Jesus is her Savior, she said. Her Lord, she said. And heaven was her eternal home. She had no doubt. She told me these things resolutely, she went to Christian school, after all, and she knew the truth for her whole life. But she didn’t pray, not all that much, not all that often, only when it was really really important, because God had much more important people to listen to, like the president, the Pope, Mother Teresa, perhaps. She just didn’t want to get in the way, she didn’t want to take up God’s time from people who were doing real work for the world that needed it so badly. It was ok that way, she’d make it through without wasting God’s time. She didn’t want to burden Him with her petty stuff.
And then life happened. And life choices were made. And there were bumps in her road, but she still believed, she said, and she’d make it through, she just knew. But she didn’t make it through and her life on earth was over and done way too fast and then she went to her eternal home long before I was ready for her to exit this one. But her words will never leave me and I wish that I had time to tell her one more time how she was never in God’s way. She knows now what I wish she could have known on this earth, that God designed her and me and you to be in His presence, to be together, to heap our burning desires, our deepest needs, our trivial thoughts, our fleeting ideas and longings and everything else, all on Him. She doesn’t have to think she’s a burden anymore; her identity is solved her problems completely resolved and she is wholly His and she is wholly loved.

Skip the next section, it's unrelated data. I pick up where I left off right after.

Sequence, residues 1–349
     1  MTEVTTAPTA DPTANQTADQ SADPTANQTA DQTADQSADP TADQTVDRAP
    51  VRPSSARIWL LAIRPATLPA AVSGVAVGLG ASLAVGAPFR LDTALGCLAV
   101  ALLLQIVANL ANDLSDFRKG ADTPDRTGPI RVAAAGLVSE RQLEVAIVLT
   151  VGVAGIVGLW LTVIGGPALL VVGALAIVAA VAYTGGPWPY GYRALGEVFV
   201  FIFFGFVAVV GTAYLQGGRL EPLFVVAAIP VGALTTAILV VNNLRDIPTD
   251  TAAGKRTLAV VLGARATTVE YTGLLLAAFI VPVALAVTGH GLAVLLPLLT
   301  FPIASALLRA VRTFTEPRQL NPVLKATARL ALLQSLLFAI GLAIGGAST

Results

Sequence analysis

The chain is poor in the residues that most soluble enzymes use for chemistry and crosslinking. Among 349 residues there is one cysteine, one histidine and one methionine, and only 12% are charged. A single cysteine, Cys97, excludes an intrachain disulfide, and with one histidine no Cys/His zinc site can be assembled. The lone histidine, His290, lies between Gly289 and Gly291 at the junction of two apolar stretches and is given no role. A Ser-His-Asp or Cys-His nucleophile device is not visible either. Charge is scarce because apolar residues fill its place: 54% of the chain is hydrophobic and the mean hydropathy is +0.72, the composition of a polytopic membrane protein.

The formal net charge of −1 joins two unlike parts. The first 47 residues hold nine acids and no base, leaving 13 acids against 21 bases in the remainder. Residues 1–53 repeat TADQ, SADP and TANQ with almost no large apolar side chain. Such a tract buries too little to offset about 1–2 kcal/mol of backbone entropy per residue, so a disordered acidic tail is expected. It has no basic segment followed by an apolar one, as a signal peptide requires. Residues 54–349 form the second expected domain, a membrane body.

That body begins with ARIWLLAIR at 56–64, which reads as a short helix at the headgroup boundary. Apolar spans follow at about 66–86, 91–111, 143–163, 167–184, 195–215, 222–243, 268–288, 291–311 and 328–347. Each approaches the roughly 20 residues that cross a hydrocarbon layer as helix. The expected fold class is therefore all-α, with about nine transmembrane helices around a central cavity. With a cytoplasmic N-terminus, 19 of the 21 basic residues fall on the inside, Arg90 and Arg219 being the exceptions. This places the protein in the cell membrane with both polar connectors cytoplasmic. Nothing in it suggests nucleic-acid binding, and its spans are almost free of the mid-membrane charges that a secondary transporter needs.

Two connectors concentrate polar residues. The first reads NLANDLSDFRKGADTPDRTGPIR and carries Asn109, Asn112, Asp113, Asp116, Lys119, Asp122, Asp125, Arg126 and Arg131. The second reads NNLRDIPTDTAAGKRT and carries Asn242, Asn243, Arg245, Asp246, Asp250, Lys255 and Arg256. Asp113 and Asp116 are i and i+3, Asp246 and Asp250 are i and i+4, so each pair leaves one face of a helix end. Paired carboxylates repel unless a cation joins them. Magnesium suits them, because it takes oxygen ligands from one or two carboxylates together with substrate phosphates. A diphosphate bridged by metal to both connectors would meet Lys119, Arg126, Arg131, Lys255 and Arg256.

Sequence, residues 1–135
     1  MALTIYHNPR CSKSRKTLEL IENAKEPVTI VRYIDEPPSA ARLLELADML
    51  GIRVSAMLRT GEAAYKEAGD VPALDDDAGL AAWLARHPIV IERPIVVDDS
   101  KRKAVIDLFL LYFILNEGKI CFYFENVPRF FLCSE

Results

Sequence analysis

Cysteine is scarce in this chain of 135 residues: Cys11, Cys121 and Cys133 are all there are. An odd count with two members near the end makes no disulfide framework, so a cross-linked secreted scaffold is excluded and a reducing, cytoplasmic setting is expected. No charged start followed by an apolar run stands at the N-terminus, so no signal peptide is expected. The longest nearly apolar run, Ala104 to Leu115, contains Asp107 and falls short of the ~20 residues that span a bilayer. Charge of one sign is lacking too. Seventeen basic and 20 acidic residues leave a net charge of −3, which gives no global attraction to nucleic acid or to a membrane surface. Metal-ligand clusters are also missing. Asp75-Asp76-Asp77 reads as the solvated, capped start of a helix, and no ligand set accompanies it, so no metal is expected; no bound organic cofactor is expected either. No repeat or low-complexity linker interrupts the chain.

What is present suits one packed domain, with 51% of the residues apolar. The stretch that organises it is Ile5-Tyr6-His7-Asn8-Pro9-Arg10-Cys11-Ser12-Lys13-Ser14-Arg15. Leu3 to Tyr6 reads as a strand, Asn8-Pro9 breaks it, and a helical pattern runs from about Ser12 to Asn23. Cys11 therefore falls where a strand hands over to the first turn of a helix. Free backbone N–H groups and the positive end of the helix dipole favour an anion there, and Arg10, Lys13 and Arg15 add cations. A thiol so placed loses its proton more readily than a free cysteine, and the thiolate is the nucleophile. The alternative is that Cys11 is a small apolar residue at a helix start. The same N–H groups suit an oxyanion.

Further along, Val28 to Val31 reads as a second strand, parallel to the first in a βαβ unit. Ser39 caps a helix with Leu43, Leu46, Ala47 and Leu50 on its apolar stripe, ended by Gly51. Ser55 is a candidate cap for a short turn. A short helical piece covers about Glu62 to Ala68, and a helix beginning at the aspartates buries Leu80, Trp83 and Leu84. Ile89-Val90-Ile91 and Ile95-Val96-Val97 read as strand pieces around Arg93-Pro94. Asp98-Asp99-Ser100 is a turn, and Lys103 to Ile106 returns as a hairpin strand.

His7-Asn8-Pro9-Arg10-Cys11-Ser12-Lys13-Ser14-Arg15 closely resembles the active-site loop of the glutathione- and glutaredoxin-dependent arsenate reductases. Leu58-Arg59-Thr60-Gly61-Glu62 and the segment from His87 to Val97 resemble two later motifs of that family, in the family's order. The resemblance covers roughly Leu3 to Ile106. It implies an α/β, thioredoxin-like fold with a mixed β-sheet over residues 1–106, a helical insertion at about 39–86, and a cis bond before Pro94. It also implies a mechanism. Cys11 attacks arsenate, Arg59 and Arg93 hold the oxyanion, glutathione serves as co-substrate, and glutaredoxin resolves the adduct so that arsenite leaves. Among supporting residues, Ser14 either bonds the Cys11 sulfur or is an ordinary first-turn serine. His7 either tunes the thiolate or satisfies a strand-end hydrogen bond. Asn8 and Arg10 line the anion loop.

Perhaps our life choices would be so much more clear, our paths, our destiny, perhaps God’s perfect will would be more easily known if we knew the truth about who we really are, how we are never in the way, we can never burden God with any care or thought or pain or idea. Perhaps the bumps in the road would seem smaller, and wouldn’t slow us down quite so very much, if we realized our identity is not in who we are or what we do or where we go or who we hang with or just how we look. Perhaps if we could see ourselves that way that our Jesus sees us, we would be different people after all. Perhaps we would look different or talk different or speak different to ourselves and to those who dare to come near. Perhaps it would be easier to find our true selves when our trueness is God’s truth about us, perhaps we could love ourselves, really truly love myself, as God loves me.
Then it would matter so much less what that Facebook says and I wouldn’t need to search for significance as I scroll through social media and what that Twitter tweets me would tell me so much less about my worth and perhaps it wouldn’t mean so much or hurt so hard when the job doesn’t last or the pants suddenly seem too small and the number on the scale is too big, or when the children talk back or the bills pile up and we can’t ever seem to dig our way out. Perhaps we could do so much more than just get through this thing called life and we could run our race with joy and that penetrating, paralyzing fear wouldn’t make us so afraid if we found our completeness in the One who took on our identity and made it His very own, who gave up both heaven and earth to draw us close.
Perhaps if we didn’t strive quite so hard at knowing or doing or being or finding peace or making our way but just rested our very selves, our very identity, in the love that comes from Jesus, perhaps if we were known as one who is loved by God, if we just knew ourselves as one that is wholly loved by Jesus, we would wholly love ourselves and we would wholly love others and isn’t that a whole lot better of a life when what makes you tick isn’t you finding your way but you, finding yourself completely loved by Him?